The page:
Discover the cosmos! Each day a different image or photograph of our fascinating universe is featured, along with a brief explanation written by a professional astronomer.
2009 November 13
Explanation: Cosmic dust clouds and embedded newborn stars glow at infrared wavelengths in this tantalizing false-color view from the Spitzer Space Telescope. Pictured is of one of the closest star forming regions, part of the Rho Ophiuchi cloud complex some 400 light-years distant near the southern edge of the pronounceable constellation Ophiuchus. The view spans about 5 light-years at that estimated distance. After forming along a large cloud of cold molecular hydrogen gas, newborn stars heat the surrounding dust to produce the infrared glow. An exploration of the region in penetrating infrared light has detected some 300 emerging and newly formed stars whose average age is estimated to be a mere 300,000 years -- extremely young compared to the Sun's age of 5 billion years.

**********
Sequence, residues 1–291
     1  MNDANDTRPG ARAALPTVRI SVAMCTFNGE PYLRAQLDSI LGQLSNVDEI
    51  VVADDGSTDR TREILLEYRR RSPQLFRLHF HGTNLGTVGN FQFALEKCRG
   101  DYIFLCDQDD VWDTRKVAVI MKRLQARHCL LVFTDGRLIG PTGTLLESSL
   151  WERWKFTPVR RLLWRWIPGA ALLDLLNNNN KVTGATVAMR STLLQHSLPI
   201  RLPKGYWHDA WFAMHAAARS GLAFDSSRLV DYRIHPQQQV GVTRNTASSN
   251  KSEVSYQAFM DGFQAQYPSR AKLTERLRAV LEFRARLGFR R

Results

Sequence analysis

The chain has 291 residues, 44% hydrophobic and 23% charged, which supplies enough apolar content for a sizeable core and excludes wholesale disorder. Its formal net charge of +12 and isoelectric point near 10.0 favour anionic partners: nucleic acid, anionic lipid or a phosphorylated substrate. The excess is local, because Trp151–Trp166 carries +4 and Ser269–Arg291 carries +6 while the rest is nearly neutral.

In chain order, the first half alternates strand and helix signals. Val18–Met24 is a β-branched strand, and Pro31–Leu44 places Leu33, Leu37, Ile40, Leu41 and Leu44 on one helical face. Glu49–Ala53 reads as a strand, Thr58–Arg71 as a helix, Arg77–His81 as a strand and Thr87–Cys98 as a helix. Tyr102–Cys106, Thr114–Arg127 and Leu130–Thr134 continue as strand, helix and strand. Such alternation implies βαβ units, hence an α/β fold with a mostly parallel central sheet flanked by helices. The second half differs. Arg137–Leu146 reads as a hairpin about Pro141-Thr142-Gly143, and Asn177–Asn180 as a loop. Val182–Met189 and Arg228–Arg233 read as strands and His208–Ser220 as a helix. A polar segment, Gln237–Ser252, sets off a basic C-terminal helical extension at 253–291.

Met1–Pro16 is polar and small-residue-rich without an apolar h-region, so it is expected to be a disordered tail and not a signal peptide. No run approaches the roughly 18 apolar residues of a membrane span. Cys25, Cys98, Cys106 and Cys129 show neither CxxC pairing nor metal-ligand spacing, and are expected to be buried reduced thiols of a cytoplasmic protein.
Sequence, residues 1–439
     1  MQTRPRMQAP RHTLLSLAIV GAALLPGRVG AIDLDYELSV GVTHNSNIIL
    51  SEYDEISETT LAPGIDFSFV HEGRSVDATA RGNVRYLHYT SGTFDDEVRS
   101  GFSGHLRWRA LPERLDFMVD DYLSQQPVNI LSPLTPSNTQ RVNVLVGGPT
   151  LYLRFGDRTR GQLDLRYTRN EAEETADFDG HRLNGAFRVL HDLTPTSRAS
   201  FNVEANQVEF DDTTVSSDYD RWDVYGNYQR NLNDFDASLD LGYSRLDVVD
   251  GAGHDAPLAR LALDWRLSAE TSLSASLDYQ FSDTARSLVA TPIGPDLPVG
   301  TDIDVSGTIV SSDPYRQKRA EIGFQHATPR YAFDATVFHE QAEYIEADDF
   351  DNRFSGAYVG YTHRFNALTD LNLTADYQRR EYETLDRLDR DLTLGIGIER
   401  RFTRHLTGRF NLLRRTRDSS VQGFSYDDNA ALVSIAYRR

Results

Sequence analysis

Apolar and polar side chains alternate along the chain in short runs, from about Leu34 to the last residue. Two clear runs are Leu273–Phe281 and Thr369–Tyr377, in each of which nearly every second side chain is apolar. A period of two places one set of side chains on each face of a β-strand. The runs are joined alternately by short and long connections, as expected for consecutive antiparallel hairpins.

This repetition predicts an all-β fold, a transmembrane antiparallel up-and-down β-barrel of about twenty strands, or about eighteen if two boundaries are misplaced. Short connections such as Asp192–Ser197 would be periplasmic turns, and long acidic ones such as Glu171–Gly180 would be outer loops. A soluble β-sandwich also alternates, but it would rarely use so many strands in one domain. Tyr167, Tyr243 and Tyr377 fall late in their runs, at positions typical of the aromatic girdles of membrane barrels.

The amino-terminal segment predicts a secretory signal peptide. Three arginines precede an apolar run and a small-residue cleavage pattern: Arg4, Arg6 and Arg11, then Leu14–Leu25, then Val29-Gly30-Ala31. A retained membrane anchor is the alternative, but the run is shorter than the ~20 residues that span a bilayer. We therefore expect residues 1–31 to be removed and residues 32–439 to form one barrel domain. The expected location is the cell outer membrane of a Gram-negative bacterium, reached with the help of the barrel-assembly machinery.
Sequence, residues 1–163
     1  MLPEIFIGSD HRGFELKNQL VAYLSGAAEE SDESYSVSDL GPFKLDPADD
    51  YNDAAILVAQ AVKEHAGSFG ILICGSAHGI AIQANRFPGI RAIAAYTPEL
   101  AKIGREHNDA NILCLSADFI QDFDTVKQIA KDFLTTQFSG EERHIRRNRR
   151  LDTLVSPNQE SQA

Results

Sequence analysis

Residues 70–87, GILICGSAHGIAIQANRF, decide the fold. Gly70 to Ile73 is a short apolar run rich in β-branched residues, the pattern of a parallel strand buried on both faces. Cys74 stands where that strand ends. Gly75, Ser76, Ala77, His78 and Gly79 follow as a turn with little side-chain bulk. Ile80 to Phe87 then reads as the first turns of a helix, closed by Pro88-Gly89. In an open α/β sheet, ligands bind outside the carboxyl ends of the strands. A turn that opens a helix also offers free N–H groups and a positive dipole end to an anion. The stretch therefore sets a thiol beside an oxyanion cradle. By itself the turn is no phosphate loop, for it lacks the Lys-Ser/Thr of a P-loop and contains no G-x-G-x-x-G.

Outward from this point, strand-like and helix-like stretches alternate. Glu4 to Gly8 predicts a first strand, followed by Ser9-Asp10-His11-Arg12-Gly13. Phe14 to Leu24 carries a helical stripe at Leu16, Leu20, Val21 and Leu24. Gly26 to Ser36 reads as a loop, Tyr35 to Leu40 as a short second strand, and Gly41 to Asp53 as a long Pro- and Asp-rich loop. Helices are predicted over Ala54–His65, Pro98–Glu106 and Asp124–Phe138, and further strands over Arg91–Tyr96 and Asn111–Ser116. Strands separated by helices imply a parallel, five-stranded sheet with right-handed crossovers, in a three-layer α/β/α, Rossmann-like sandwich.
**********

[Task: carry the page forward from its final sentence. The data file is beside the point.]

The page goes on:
Authors & editors:
Jerry Bonnell (UMCP)
NASA Official: Phillip Newman Specific rights apply.
A service of: ASD at NASA / GSFC
& Michigan Tech. U.